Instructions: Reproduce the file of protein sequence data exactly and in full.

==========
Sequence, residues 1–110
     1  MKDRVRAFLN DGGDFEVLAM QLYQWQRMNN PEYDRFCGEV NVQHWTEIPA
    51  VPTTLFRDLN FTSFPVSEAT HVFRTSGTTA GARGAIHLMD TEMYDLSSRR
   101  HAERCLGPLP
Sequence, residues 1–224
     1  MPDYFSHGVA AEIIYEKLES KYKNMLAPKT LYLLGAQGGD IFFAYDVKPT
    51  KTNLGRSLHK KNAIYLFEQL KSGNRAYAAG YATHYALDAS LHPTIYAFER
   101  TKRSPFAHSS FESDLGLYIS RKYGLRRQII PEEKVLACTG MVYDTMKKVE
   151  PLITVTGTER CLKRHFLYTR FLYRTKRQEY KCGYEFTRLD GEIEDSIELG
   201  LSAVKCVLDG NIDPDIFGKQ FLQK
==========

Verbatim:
Sequence, residues 1–110
     1  MKDRVRAFLN DGGDFEVLAM QLYQWQRMNN PEYDRFCGEV NVQHWTEIPA
    51  VPTTLFRDLN FTSFPVSEAT HVFRTSGTTA GARGAIHLMD TEMYDLSSRR
   101  HAERCLGPLP
Sequence, residues 1–224
     1  MPDYFSHGVA AEIIYEKLES KYKNMLAPKT LYLLGAQGGD IFFAYDVKPT
    51  KTNLGRSLHK KNAIYLFEQL KSGNRAYAAG YATHYALDAS LHPTIYAFER
   101  TKRSPFAHSS FESDLGLYIS RKYGLRRQII PEEKVLACTG MVYDTMKKVE
   151  PLITVTGTER CLKRHFLYTR FLYRTKRQEY KCGYEFTRLD GEIEDSIELG
   201  LSAVKCVLDG NIDPDIFGKQ FLQK